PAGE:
US 7204578 B2
A hollow cylindrical support for a plurality of flow-through inkjet print heads has two folded wall sections cooperating to define elongate inlet and outlet ink manifolds, one wall section being thermally conducting so as to promote heat transfer along the length of the support, the other wall section being thermally insulating so as to inhibit heat transfer between the inlet and outlet manifolds. The thermally insulating section serves to trap a boundary layer of fluid, for example in a cavity wall or cellular material.
1. An elongate support for a plurality of inkjet print heads each demanding in use a continuous flow of ink, said support providing a mounting surface which is arranged to receive print heads spaced along the length of the support and which provides ink inlet and outlet ports for communication with the respective print heads, the support comprising at least two wall sections, each extending with constant cross section over a substantial portion of the length of the support, the wall sections cooperating to define elongate inlet and outlet ink manifolds, one wall section being thermally conducting so as to promote heat transfer along the length of the support, another wall section being thermally insulating so as to inhibit heat transfer between the inlet and outlet manifolds.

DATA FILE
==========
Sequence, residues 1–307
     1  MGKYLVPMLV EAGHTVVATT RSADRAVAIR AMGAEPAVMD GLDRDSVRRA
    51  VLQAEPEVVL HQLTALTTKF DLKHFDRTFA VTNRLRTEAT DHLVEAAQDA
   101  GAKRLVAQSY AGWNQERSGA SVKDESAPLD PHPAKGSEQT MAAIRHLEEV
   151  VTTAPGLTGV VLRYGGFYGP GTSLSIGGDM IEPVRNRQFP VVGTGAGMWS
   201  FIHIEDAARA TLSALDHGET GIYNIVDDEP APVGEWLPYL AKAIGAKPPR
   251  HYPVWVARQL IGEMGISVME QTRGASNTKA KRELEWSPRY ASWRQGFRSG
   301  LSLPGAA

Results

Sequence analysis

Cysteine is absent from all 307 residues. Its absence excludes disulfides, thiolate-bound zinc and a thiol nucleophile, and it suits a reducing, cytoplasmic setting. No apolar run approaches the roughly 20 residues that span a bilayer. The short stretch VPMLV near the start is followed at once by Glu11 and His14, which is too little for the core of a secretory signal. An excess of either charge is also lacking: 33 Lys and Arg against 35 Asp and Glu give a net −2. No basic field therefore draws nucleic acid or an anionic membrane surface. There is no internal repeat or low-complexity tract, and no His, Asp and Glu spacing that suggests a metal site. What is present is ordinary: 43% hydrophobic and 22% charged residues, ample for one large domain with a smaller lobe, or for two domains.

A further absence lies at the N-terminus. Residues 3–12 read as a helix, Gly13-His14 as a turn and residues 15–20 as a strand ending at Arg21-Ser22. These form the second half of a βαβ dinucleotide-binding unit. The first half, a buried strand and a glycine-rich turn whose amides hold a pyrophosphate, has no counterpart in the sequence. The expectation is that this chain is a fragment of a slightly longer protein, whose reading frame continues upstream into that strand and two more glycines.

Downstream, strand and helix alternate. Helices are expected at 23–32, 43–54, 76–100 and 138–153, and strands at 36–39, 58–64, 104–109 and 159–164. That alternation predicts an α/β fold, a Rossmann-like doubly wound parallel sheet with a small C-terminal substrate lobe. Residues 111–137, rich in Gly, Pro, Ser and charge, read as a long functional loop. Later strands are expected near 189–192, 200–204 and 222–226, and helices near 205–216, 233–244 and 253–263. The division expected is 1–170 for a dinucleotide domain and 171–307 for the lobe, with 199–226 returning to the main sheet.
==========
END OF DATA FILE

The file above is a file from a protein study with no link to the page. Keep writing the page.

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13. Support apparatus for an inkjet print head, said support apparatus comprising a generally hollow cylinder having a cylindrical axis, an ink inlet manifold and an ink outlet manifold each provided in said cylinder and each extending parallel to said axis, and means for insulating said manifolds from each other to reduce heat transfer therebetween.